This is the Edie that I know. The one that clings to my shirt, trailing behind me always, happier to be hanging out with David and I, rather than off playing with the kids. The one who curls up into her Dad when the bee hive is opened up, (this photo here was taken at a hive) while Lucy is working the smoke and fingering the wet honeycombs, her face right up close to everything, sassy, unafraid, curious.
Edie is the one that takes her time feeling comfortable with people and new surroundings, and sometimes she never quite comes around, preferring instead to hang close, to stay near what she knows. Not that she is shy exactly. It isn't timidness. She's just picky about what she wants to do and who she wants to do it with. She knows where she is comfortable and she prefers to use that as a base. All the time, she is watching, learning, taking everything in. But she is never far off base.
Edie is the independent one, who dresses herself without being asked multiple times, and goes to the bathroom alone without needing me to sit on the edge of the tub and entertain her in case ghosts come while she is pooping (Lucy). She is also hilarious. She rode for an hour and a half in the car last weekend, playing games on David's iphone, with a Dora gift bag over head. For no particular reason. She is her own girl.
But when I brought her to her first day of Pre-K Wednesday morning, I was pretty sure I was going to break her heart.
It has happened before - at her two day a week preschool last year. I left her hiccuping and hysterical or actually, that's a lie - I didn't leave her. I sat in her classroom for weeks until she finally, tentatively let me pull away and slip out the door. Even then, she wasn't sure about my leaving.
So, I was worried. I imagined her tears, my tears. I prepared the teacher, I prepared myself. But I couldn't have been prepared for what happened, really. In the classroom, she gave me a hug. And a couple more. And a couple more. And just when I thought the hugging might go on forever, she pulled away from me, smiled and joined the children on the rug in the class meeting area. She sat down next a girl she knew. And she was just fine.
I kept looking behind me to check on her (yeah, I did that, watching through the window, nose pressed into the glass, all pathetic and desperate, trying to catch a glimpse of her). She never looked toward the door.
Then, I walked down four flights of stairs to the empty school cafeteria and sobbed. I was happy and gutted.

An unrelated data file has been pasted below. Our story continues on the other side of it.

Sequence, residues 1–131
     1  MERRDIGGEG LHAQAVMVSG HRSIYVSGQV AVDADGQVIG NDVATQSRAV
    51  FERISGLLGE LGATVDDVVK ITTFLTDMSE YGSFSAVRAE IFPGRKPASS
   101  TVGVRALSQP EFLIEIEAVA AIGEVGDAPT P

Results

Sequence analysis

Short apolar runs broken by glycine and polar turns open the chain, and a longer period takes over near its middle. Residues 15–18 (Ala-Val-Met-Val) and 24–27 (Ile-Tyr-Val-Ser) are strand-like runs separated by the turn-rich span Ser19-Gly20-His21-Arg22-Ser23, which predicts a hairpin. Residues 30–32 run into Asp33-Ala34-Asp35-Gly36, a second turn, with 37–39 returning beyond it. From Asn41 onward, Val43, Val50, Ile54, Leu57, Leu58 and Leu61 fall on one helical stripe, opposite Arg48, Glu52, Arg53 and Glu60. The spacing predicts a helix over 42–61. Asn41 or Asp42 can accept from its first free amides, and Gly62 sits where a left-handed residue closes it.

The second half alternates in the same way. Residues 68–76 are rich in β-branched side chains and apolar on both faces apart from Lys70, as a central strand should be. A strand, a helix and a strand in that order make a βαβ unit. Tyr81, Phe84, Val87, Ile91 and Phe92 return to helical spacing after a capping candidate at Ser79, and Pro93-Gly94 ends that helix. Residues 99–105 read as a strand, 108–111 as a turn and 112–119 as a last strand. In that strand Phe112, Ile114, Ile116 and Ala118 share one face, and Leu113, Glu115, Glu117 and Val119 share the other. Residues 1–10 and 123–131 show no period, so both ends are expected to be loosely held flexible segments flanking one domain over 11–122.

Later, on the way home, she told me that at first she felt "shy" in class because she was thinking of herself as "the little sister", but after she reminded herself that she was "a big kid", she wasn't shy anymore. Sigh. The grasshopper surpasses her teacher.
It was Lucy who missed her family. Although she reveled in seeing her old friends, and bounced into school excitedly, and fell into the arms of a waiting gaggle of familiar faces and chatty girls in brand new Mary Janes, she also missed that parents couldn't walk kindergartners into their classrooms. That was a privilege just for the Pre-K. She also said she felt shy about asking her teacher if she could go and check on Edie. She really wanted to check on Edie. She cried a little when she told me about it. I suspect the checking was more for the big sister than for the little one, but I kept that to myself.
Sometimes the loud, adventurous, interminably curious one, who likes leading a pack of 10 children around the playground, is secretly the sappy, comfort-loving, mushy one and sometimes the quiet one, the one that seems fragile, introverted, alone, is actually the tough one, the one that is quietly sure, resilient, able to gather herself and summon all her strength for life's big moments. Maybe, too, that is the hallmark of being four and big. Or maybe that's just being human, always complex, never black or white, always gray or a spectrum of colors in between. I'm not sure.
Well, at least this is how it was for for one half day of school anyway. We'll see how we go next week, when we do it all over again...